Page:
There are movies that make news and movies that are news. World on a Wire is one of the latter. Suddenly: a virtually unknown, newly restored, two-part tele-film directed by long-gone wunderkind R.W. Fassbinder at the height of his powers.
World on a Wire, which opens this week at the Miami Beach Cinematheque, is Fassbinder's most sustained genre riff. Adapted from Daniel F. Galouye's 1964 sci-fi novel Simulacron-3 and predicated on the notion of a computer-generated reality populated by "identity units" who believe themselves human, the movie looks back at The Creation of the Humanoids, forward to The Matrix, and directly at Fassbinder's notoriously cult-like power over his acting ensemble. One scientist jokingly characterizes the identity units as performers: "They're like the people dancing on TV for us."
As wildly ambitious as it is cinephilic, World on a Wire mixes the pop
art effrontery of Godard's Alphaville with the cyber-phobic metaphysics
of Kubrick's 2001 while remaining wholly Fassbinderian in its insolently
lugubrious ironies. Less characteristic, if equally deadpan, are the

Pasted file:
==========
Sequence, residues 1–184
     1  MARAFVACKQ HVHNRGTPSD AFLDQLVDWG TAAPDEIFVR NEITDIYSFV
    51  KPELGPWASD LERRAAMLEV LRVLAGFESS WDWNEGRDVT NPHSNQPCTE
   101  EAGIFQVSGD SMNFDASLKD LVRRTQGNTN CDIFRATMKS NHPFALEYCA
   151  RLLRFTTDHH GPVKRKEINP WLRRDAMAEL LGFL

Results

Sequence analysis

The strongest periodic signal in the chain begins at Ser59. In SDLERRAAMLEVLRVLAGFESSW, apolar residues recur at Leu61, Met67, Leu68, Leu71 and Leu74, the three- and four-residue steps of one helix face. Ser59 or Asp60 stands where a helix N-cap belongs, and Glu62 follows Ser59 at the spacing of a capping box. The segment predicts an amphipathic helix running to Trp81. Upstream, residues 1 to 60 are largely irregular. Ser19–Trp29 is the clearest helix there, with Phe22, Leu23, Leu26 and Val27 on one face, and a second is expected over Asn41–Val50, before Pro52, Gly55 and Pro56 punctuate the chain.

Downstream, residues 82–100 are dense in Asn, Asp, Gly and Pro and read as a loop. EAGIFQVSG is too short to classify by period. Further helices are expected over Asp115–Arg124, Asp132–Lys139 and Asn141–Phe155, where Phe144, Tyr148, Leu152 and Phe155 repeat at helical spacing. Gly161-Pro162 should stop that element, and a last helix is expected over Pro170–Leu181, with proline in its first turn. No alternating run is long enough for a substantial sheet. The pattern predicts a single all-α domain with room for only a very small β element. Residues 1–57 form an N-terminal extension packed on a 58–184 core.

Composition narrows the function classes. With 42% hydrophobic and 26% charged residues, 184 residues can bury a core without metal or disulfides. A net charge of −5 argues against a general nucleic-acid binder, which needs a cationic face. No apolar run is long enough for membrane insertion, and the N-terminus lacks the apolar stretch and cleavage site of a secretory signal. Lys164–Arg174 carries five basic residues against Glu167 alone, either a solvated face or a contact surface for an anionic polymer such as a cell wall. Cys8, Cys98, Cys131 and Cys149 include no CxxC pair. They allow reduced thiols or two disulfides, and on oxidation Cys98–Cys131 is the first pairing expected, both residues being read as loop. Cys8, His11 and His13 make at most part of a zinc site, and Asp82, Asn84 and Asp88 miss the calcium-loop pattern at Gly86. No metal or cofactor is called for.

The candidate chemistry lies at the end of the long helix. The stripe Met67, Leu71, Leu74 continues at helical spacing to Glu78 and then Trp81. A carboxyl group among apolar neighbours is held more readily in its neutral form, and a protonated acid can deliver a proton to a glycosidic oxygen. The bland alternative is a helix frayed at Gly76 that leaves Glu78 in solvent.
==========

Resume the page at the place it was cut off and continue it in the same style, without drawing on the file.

choreographed action sequence--notably the lurking crane that threatens
to dump a load of debris on the movie's angst-ridden protagonist.
This is corporate hell--the blandly futuristic, neon-lit look leans
heavily on molded plastic furniture and ubiquitous TV monitors. (That
the men are uniformly dressed in power suits and the women as Barbies
may remind some of Mad Men.) Strategically placed mirrors suggest the
character's illusory or divided nature, while the alienated
performances--alternately declamatory and uninflected--as well as
Fassbinder's Warholian deployment of actors stolidly hanging out in
frame, encourage the thought that the real world, too, is rife with
It builds up to a satisfyingly nutty finale--as the identity units grow
restless, their virtual world begins to develop certain glitches. It's
remarkable how current it all seems. The movie's mod furnishings, dated
in 1973, have been several times revived and are currently in vogue. Its
last 45 minutes have a computer-game logic, anticipating both David
Cronenberg's eXistenZ and Mamoru Oshii's Avalon. And the improbably
romantic ending is pure 21st Century--who would have imagined Fassbinder
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